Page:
High-Throughput Virtual Screening Lead to Discovery of Non-Peptidic Inhibitors of West Nile Virus NS3 Protease

Department of Biochemistry, University of Zurich, Zurich, Switzerland.
Methods in molecular biology (Clifton, N.J.) (Impact Factor: 1.29). 01/2012; 819:615-23. DOI: 10.1007/978-1-61779-465-0_36
Source: PubMed


The non-structural 3 protease is an essential flaviviral enzyme and therefore one of the most promising targets for drug development against West Nile virus infections. In this chapter, we discuss in detail the computational methods used in the previous two docking campaigns which lead to the discovery of non-peptidic low micromolar inhibitors. Not only an X-ray structure but also an alternative conformation generated from molecular dynamic simulations is used in the in silico screening. Moreover, unique scoring schemes are developed based on the properties of the binding site of the protein.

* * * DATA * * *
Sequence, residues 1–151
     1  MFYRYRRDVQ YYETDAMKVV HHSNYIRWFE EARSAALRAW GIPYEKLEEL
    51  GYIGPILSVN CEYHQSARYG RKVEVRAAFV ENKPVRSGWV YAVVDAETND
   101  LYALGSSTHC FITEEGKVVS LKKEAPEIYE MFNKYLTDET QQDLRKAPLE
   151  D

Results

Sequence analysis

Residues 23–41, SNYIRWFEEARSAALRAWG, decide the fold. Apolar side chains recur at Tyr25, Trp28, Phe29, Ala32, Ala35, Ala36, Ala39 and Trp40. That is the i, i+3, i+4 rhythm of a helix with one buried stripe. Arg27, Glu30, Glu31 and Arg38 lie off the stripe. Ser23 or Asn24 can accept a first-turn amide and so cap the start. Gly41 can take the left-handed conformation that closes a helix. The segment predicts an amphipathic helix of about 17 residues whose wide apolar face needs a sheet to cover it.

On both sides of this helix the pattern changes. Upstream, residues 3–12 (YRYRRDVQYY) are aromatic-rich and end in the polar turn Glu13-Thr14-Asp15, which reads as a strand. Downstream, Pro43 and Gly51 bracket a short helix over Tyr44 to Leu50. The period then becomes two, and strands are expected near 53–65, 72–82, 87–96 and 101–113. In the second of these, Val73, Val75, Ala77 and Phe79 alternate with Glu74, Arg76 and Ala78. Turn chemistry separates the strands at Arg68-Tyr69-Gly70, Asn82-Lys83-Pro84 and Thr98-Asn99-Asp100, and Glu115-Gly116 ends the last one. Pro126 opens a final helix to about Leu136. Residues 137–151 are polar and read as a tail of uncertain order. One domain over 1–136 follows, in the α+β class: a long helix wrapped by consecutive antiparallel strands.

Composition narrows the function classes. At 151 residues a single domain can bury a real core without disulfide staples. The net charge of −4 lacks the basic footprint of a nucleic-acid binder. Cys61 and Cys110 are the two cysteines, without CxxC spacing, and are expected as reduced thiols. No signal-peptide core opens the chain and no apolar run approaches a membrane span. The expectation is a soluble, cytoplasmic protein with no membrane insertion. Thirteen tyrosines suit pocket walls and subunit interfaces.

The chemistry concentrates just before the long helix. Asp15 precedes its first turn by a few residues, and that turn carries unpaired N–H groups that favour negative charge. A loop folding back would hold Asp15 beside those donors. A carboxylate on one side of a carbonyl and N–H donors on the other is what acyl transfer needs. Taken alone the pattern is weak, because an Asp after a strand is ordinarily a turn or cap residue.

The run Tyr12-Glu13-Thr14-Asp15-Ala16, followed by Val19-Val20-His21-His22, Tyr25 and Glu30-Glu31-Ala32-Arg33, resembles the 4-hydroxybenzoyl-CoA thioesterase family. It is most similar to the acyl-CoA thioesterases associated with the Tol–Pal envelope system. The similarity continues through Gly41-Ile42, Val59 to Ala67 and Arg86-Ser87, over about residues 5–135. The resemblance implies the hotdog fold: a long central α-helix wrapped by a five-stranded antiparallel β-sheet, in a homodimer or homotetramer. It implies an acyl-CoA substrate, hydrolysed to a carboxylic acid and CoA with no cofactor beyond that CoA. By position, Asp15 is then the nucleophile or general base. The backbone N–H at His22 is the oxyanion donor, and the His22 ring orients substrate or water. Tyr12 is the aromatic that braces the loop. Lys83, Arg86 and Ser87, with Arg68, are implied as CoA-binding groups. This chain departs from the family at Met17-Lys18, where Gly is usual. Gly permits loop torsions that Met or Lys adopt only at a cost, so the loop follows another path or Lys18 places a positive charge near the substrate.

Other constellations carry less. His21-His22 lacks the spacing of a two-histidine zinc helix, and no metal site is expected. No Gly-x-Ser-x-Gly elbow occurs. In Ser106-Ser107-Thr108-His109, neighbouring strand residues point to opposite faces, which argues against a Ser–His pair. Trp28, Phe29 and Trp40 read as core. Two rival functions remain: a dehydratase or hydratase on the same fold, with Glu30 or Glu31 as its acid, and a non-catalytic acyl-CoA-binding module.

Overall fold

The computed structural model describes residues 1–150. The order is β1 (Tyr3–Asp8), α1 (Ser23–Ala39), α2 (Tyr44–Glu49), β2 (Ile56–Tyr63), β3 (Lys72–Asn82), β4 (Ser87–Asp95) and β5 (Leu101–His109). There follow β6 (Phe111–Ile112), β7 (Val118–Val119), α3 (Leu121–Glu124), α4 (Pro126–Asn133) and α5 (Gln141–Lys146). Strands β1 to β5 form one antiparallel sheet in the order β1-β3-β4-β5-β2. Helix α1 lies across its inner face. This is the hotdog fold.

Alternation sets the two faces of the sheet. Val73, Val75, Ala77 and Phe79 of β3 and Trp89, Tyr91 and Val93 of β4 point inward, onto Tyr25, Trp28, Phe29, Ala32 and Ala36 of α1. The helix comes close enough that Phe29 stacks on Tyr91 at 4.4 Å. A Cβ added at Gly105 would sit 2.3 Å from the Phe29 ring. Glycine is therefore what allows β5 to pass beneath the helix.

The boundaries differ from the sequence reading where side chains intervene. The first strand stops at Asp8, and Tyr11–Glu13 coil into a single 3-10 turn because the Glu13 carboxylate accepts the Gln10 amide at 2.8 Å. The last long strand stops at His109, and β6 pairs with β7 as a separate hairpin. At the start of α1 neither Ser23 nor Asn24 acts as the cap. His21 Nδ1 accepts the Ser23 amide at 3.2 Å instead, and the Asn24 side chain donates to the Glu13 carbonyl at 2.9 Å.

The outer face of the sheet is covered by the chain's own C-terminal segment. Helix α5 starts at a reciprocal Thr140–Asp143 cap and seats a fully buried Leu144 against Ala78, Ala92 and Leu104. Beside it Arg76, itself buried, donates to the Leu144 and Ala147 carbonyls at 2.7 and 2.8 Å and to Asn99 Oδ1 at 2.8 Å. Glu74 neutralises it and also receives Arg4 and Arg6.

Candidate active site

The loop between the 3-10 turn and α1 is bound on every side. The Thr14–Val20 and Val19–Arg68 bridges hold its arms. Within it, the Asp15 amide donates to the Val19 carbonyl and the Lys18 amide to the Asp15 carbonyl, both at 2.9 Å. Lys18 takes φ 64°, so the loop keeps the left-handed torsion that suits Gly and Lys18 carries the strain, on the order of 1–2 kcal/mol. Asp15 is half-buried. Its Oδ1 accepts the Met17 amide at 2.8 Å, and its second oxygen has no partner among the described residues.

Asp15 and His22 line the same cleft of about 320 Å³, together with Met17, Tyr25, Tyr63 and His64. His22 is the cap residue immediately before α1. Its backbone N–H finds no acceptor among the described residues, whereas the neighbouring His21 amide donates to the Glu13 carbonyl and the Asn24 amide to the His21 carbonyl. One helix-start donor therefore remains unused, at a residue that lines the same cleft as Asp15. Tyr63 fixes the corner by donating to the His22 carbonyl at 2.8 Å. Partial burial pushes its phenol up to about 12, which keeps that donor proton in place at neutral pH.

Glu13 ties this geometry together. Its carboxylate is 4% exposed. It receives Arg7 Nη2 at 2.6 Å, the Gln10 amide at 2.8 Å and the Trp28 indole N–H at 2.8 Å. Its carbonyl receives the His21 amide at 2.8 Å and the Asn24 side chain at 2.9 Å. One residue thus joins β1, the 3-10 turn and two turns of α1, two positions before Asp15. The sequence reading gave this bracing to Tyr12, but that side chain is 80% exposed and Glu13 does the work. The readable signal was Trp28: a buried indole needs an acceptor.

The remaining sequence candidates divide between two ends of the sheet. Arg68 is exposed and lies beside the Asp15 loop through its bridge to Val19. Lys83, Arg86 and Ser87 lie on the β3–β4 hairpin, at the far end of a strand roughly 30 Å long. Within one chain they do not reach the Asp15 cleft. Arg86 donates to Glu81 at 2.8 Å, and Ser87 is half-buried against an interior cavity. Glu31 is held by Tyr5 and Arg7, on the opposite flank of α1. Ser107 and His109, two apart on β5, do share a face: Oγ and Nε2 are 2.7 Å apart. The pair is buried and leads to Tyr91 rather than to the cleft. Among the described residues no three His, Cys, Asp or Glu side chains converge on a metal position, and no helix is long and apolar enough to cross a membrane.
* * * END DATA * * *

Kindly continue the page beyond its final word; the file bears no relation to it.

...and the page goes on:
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    ABSTRACT: Fragment-based docking was used to select a conformation for virtual screening from a molecular dynamics trajectory of the West Nile virus nonstructural 3 protease. This conformation was chosen from an ensemble of 100 molecular dynamics snapshots because it optimally accommodates benzene, the most common ring in known drugs, and two positively charged fragments (methylguanidinium and 2-phenylimidazoline). The latter fragments were used as probes because of the large number of hydrogen bond acceptors in the substrate binding site of the protease. Upon high-throughput docking of a diversity set of 18,694 molecules and pose filtering, only five compounds were chosen for experimental validation, and two of them are active in the low micromolar range in an enzymatic assay and a tryptophan fluorescence quenching assay. Evidence for specific binding to the protease active site is provided by nuclear magnetic resonance spectroscopy. The two inhibitors have different scaffolds (diphenylurea and diphenyl ester) and are promising lead candidates because they have a molecular weight of about 300 Da.
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